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<font color=red>''Recorded sources'': </font> <font color=teal> - County CD-2711, Kirk Sutphin - "Old Roots and New Branches" (1994). Heritage 070, Luther Davis - "The Old Time Way" (1986. Various artists). Library of Congress AFS 04946 B02, Emmett Lundy (1941). Marimac Records 9035 (cass.), Double Decker String Band - "For an Old Time, Call" (1990). Rounder 0010, "The Fuzzy Mountain String Band" (1972. Learned from Taylor Kimble.). </font>
 
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See also listing at:<br>
 
See also listing at:<br>
 
Jane Keefer's Folk Music Index: An Index to Recorded Sources [http://www.ibiblio.org/keefer/j05.htm#Johlogo]<br>
 
Jane Keefer's Folk Music Index: An Index to Recorded Sources [http://www.ibiblio.org/keefer/j05.htm#Johlogo]<br>
 
Hear Emmett Lundy's 1941 Library of Congress recording at Slippery Hill [https://www.slippery-hill.com/recording/poor-little-johnnys-gone-war]<br>
 
Hear Emmett Lundy's 1941 Library of Congress recording at Slippery Hill [https://www.slippery-hill.com/recording/poor-little-johnnys-gone-war]<br>
 
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Latest revision as of 20:13, 9 November 2019


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POOR JOHNNY'S GONE TO (THE) WAR. AKA and see "Tommy Love," "John Lover('s Gone]]," "John's Lover is Gone," "John the Lover." American, Song and Reel. USA; southwestern Va, western North Carolina. D Major. AABBCC ('C' part added by Malcolm Owen). This southwestern Virginia song/tune has currency under several closely related title variants. Galax, southwest Virginia, fiddler Emmett Lundy [1] (1864-1953) recorded "Poor Little Johnny's gone to the War" for Alan Lomax, Joseph Liss and Jerry Weisner in August, 1941. accompanied by his sons Kelly on guitar and vocals and Geedy on banjo. Emmett Lundy [2] (1864-1953) had a mentor by the name of Greenberry Leonard, of Oldtown, near the Lundy homestead, who was an elderly man when Lundy was learning the fiddle and from whom he obtained many of his tunes. Through Lundy, the Grayson County, Va., fiddle tradition can be traced to the first half of the 19th century.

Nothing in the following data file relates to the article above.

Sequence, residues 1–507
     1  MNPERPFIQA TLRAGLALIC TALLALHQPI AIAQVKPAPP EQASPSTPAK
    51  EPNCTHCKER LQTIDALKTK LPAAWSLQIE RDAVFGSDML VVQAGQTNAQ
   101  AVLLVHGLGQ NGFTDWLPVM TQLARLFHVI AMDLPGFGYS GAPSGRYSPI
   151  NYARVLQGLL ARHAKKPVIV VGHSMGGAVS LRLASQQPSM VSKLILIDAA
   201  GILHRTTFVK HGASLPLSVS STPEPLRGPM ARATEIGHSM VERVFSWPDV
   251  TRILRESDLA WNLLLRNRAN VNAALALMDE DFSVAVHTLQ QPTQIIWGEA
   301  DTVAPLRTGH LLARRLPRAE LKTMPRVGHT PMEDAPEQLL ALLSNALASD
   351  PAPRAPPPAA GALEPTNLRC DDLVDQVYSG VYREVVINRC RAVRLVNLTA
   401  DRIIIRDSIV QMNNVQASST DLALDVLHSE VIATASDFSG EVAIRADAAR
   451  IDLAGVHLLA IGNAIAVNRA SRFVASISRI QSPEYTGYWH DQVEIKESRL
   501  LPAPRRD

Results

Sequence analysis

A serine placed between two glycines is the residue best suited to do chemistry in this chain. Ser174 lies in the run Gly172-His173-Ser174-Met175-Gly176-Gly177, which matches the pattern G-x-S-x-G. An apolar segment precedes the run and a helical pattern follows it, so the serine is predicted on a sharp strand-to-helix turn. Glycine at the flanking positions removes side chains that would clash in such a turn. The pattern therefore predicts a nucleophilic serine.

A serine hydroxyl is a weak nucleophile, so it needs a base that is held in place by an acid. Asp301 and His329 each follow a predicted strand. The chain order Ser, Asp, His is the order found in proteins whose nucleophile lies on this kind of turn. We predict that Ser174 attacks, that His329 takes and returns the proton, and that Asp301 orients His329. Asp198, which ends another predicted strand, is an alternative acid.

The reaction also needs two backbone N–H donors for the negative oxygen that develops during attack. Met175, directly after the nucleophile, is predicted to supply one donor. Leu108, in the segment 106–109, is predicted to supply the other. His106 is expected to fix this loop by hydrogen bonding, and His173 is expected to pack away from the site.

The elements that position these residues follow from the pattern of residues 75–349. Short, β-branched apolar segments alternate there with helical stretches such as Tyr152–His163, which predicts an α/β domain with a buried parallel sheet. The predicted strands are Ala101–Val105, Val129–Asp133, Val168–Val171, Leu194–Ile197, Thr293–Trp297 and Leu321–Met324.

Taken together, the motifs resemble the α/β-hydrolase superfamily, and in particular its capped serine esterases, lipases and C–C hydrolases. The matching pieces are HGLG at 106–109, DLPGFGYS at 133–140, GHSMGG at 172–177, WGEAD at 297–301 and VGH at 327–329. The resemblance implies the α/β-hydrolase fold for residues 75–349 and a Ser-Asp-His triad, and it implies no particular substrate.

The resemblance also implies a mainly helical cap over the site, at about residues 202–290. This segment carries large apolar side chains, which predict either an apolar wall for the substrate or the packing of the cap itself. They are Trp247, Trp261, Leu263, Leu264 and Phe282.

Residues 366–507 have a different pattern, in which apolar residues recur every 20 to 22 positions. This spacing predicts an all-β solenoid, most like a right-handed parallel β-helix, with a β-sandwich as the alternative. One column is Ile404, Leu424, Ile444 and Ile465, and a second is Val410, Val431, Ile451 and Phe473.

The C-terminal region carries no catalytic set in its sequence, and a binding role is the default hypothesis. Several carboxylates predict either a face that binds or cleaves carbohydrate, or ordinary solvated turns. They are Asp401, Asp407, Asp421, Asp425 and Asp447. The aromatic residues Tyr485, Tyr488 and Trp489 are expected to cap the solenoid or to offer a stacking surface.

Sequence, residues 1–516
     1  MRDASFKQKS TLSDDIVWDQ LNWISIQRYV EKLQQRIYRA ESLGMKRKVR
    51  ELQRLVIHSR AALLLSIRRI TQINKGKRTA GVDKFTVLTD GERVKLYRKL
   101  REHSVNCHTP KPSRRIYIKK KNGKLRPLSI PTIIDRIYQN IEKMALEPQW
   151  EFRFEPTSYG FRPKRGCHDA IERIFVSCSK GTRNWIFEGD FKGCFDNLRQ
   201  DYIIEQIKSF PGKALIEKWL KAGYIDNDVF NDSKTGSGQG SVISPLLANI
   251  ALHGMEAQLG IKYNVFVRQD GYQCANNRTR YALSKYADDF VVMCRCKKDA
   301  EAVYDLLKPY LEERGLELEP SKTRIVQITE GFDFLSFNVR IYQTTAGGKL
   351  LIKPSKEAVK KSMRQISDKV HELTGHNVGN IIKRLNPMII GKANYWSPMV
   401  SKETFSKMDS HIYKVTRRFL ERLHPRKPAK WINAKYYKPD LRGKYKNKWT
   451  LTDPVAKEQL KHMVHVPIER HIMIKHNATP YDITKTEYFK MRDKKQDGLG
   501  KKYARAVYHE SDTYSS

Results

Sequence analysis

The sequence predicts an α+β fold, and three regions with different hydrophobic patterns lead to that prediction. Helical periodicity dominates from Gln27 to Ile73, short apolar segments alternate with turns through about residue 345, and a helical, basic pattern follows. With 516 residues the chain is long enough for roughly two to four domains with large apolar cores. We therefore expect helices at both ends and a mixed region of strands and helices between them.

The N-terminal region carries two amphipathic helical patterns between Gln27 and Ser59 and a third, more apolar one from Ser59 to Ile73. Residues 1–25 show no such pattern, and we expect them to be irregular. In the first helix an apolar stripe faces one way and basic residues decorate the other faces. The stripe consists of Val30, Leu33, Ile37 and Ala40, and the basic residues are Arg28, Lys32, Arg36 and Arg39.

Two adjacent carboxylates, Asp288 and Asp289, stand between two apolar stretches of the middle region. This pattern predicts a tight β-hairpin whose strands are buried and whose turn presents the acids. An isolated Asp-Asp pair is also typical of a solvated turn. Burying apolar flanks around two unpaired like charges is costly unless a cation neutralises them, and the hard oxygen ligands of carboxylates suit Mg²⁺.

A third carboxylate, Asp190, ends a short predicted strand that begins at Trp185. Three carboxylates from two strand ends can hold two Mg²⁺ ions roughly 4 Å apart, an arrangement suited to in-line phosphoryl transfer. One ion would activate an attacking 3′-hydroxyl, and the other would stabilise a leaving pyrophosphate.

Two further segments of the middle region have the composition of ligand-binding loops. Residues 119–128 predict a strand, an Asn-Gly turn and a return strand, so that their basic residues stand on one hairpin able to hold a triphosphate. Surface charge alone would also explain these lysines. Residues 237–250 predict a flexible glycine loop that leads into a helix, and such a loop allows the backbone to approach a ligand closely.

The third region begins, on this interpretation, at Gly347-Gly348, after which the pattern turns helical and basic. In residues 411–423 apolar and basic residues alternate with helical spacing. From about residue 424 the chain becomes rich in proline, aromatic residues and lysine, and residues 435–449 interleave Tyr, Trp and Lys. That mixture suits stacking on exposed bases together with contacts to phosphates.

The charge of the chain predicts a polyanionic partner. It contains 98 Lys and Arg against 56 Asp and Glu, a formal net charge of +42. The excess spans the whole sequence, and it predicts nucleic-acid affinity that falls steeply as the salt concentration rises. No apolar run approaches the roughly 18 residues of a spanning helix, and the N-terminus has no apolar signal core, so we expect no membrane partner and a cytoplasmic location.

Emmett Lundy



The tune was in the repertory of southwestern Virginia fiddlers Luther Davis, Kahle Brewer and Taylor Kimble under this title, and, also as “Poor Little Johnny Has Gone to the War,” from Bertie Mae Dickins of Ennice, North Carolina. Eric Olson, Malcolm Owen, and Tom Thompson made a field recording of Laurel Fork, Virginia, musician Stella Kimball (with Taylor Kimball, fiddle, and Ivey Kimball, guitar) playing "Poor Johnny's gone..." in October, 1968 (AFS 14,146), as did Tom Carter & Blanton Owen in 1973 (AFS 18, 638).

According to one (probably apocryphal) source, the melody goes back to the time of Confederate cavalryman General Jeb Stuart during the Civil War (Kinney Rorrer). Stuart was known to have had a banjo player in among his attendants.

Additional notes

Source for notated version: -

Printed sources : -

Recorded sources: - County CD-2711, Kirk Sutphin - "Old Roots and New Branches" (1994). Heritage 070, Luther Davis - "The Old Time Way" (1986. Various artists). Library of Congress AFS 04946 B02, Emmett Lundy (1941). Marimac Records 9035 (cass.), Double Decker String Band - "For an Old Time, Call" (1990). Rounder 0010, "The Fuzzy Mountain String Band" (1972. Learned from Taylor Kimble.).

See also listing at:
Jane Keefer's Folk Music Index: An Index to Recorded Sources [3]
Hear Emmett Lundy's 1941 Library of Congress recording at Slippery Hill [4]